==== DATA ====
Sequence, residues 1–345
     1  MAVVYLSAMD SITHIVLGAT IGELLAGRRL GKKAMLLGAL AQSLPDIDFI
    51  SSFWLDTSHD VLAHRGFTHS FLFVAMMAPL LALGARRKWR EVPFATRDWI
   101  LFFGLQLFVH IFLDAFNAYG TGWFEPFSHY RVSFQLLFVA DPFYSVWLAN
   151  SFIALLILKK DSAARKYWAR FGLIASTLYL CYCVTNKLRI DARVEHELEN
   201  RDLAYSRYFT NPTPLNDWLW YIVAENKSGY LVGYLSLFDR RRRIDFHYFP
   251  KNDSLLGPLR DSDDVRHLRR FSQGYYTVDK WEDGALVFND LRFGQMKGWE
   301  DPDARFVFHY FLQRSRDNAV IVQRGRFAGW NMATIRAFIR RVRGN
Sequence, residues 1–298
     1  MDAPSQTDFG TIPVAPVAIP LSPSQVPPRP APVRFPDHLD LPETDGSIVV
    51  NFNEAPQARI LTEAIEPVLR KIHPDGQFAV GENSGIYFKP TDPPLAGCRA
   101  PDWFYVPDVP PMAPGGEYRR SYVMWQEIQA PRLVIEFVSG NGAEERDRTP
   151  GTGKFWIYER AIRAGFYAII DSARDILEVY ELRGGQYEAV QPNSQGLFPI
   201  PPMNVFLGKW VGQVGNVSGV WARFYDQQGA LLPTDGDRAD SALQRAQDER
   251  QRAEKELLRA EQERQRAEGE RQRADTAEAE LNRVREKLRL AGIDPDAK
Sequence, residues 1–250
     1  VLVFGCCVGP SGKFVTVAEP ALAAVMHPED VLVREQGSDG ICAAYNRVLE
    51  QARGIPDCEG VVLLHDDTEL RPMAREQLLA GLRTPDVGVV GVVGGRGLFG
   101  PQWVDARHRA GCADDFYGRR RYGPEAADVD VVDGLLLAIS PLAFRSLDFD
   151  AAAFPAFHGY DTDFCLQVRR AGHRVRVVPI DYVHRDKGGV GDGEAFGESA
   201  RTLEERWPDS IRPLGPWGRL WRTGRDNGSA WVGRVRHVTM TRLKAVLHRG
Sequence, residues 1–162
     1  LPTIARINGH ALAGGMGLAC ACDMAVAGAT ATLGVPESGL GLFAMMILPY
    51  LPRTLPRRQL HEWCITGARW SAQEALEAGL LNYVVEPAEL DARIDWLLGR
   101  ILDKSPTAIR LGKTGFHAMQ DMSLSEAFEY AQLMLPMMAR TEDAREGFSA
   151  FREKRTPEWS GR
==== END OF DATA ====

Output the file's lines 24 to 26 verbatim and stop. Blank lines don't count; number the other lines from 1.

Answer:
    51  LPRTLPRRQL HEWCITGARW SAQEALEAGL LNYVVEPAEL DARIDWLLGR
   101  ILDKSPTAIR LGKTGFHAMQ DMSLSEAFEY AQLMLPMMAR TEDAREGFSA
   151  FREKRTPEWS GR